Happy Saturday! Here’s another edition of my weekend column for WPRI.com — as always, send your takes, tips and trial balloons to tnesi@wpri.com and follow me on Twitter and on Facebook.

1. Can Allan Fung pull it off? Democrats were speaking his name anxiously within minutes of Jim Langevin’s retirement announcement, and the months since have shown why. Not only has Fung maintained a lead over Seth Magaziner in a district Joe Biden won by double-digits, he’s also proven to be one of House Republicans’ top recruits nationwide, and they’re spending millions of dollars to help get him over the finish line. An ever-increasing number of national news outlets have spotlighted Fung; on Friday morning, CBS News reporter Ed O’Keefe was interviewing him at English Muffin in Johnston. And the deteriorating political environment for Democrats, particularly in blue states, puts the wind at Fung’s back. House Democrats’ campaign arm tried to put a positive spin on the situation this week, but the best evidence they could muster was an internal poll showing Fung and Magaziner would be tied if third-party candidate Bill Gilbert wasn’t in the race. (He is.) Magaziner and his campaign team say they never sugarcoated how difficult the contest would be. “I think there’s a lot of people who maybe knew my opponent as a mayor, but as they’re tuning in are realizing they don’t want Kevin McCarthy and the Republicans in charge of Congress,” Magaziner told reporters Wednesday after First Lady Jill Biden campaigned for him in Cranston. The Democrat’s team also sees an opportunity in Fung’s unwillingness to fully abandon the national GOP, citing his fundraiser with Steve Scalise and lack of a position on Donald Trump’s two impeachments; the latter point helped Magaziner secure The Boston Globe’s endorsement Friday. A big unanswered question: how many voters will actually cast a ballot? So far turnout statewide is just 5%, only half as high as in Massachusetts, despite early voting starting sooner.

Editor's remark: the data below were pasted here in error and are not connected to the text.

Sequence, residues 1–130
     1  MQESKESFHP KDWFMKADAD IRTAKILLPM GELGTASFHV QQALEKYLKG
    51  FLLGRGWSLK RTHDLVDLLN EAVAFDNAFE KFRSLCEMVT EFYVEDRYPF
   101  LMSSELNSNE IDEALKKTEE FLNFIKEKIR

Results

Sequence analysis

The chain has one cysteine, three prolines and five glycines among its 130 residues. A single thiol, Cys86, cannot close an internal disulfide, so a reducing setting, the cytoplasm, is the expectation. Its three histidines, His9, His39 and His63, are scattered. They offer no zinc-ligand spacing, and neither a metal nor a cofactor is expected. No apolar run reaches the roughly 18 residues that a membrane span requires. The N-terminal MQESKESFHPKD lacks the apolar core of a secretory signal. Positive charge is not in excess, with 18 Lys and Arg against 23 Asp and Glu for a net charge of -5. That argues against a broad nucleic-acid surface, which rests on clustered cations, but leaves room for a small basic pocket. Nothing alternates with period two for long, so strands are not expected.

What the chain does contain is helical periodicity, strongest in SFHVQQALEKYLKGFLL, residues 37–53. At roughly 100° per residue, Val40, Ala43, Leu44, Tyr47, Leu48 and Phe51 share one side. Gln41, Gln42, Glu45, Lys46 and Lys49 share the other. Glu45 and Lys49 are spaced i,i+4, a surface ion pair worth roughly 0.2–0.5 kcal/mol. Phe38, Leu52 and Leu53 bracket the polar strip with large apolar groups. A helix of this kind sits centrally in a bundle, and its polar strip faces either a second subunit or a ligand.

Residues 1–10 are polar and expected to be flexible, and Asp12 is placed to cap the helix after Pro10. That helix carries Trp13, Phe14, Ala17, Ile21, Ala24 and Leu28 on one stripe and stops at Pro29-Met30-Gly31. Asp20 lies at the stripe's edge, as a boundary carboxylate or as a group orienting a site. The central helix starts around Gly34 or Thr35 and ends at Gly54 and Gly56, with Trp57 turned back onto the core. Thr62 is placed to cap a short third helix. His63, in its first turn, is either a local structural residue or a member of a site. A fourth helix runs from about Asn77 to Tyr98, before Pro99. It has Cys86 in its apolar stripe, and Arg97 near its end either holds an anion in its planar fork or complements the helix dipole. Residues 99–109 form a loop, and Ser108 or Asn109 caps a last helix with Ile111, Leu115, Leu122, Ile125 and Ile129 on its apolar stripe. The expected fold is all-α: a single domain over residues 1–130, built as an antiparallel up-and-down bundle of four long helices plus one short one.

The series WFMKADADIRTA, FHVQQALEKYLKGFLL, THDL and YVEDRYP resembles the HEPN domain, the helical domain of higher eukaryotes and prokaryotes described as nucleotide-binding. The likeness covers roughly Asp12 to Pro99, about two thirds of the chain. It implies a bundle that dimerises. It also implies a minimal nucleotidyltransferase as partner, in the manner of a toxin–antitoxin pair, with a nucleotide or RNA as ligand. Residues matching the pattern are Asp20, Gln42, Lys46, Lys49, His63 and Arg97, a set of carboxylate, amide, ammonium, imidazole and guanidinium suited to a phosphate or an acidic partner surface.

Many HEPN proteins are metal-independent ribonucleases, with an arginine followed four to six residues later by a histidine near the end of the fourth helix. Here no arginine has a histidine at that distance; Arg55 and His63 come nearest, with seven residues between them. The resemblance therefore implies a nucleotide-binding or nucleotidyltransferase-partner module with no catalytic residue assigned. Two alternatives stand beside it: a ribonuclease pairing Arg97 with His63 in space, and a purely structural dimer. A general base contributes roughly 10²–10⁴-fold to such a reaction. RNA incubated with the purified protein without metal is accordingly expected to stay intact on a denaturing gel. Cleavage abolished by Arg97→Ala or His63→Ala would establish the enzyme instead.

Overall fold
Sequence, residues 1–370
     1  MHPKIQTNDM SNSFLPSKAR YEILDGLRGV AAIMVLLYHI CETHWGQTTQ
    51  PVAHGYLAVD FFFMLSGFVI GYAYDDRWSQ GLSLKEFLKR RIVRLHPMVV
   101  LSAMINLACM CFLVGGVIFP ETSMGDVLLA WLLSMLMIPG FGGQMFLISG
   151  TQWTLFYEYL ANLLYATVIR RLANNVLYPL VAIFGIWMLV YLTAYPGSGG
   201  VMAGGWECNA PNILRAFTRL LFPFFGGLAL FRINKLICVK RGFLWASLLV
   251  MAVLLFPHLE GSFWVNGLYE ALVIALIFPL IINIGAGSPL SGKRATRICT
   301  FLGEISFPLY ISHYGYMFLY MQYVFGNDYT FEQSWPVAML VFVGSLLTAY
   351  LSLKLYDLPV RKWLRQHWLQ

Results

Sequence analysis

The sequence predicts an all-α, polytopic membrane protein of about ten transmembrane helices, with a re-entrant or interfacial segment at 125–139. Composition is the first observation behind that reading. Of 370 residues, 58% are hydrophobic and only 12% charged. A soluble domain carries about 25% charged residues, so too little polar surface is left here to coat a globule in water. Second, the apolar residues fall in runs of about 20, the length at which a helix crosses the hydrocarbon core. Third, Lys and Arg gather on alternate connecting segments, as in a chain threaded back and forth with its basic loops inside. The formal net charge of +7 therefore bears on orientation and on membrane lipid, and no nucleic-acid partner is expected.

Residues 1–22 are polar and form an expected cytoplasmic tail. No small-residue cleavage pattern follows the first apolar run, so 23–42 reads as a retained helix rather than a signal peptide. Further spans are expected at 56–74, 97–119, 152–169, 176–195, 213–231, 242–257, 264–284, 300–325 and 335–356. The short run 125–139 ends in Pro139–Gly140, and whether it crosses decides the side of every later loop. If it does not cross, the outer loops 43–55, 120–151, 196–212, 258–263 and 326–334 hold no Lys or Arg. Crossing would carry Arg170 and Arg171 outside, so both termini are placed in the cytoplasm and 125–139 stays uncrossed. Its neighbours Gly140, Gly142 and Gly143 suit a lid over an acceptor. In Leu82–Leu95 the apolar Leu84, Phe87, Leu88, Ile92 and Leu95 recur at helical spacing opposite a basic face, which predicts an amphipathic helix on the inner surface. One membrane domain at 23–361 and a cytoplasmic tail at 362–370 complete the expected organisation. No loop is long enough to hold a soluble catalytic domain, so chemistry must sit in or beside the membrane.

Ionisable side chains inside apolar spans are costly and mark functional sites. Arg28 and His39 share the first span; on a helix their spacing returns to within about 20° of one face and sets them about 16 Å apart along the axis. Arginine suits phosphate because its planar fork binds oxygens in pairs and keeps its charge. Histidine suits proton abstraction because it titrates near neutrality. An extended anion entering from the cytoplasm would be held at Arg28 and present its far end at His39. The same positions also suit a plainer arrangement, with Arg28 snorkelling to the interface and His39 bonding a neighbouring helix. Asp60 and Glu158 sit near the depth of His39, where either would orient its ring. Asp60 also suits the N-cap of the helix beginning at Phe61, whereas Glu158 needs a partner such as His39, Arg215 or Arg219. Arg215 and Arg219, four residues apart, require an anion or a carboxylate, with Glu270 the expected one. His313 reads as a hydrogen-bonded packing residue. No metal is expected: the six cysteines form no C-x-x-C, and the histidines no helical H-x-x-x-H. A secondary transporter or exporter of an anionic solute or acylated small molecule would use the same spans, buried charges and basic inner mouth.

2. Old-school Rhode Island political insiders have plenty of stories about how deeply enmeshed the Mafia was in the State House back in the 1970s. But nowadays few take seriously the idea of mob connections on Smith Hill. So it appeared to surprise many when Tim White, Eli Sherman and I revealed Thursday night that a senior aide to Speaker Shekarchi had known ties to a prominent mob associate and even had a secret interest with him in an illegal marijuana business. Shekarchi allies noted that he inherited the staffer, John Conti, from three prior speakers, and Conti resigned hours before the report aired. But it raised alarm bells among those who are already worried about the potential for insider dealing once retail marijuana sales start in Rhode Island a little over a month from now. (Just look at what happened across the border in Fall River.) That’s particularly true since the speaker’s office has been playing such an active role in setting marijuana policy under both Shekarchi and his predecessor, Nick Mattiello. Common Cause’s John Marion seized on the Conti revelation to demand that Governor McKee reject the speaker’s three recommendations for appointments to the soon-to-be-formed Cannabis Control Commission; Marion has long argued that the “recommendation” language is a fig leaf used by House leadership to get around separation-of-powers restrictions. But in an interview with Tim on Friday, McKee gave no indication he plans to defy Shekarchi, who has been a key political ally for the governor in his re-election campaign this year. The governor also argued the Target 12 report actually showed the system working since Conti and his partners got caught.